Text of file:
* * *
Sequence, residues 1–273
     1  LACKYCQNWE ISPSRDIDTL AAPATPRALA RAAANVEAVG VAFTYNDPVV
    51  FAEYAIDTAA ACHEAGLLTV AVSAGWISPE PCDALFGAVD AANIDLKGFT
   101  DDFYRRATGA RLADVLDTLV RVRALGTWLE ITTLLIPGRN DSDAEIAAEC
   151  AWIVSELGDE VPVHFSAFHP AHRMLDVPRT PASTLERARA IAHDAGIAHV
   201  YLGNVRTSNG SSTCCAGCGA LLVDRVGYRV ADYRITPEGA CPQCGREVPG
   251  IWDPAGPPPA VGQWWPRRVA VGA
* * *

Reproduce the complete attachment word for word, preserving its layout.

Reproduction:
Sequence, residues 1–273
     1  LACKYCQNWE ISPSRDIDTL AAPATPRALA RAAANVEAVG VAFTYNDPVV
    51  FAEYAIDTAA ACHEAGLLTV AVSAGWISPE PCDALFGAVD AANIDLKGFT
   101  DDFYRRATGA RLADVLDTLV RVRALGTWLE ITTLLIPGRN DSDAEIAAEC
   151  AWIVSELGDE VPVHFSAFHP AHRMLDVPRT PASTLERARA IAHDAGIAHV
   201  YLGNVRTSNG SSTCCAGCGA LLVDRVGYRV ADYRITPEGA CPQCGREVPG
   251  IWDPAGPPPA VGQWWPRRVA VGA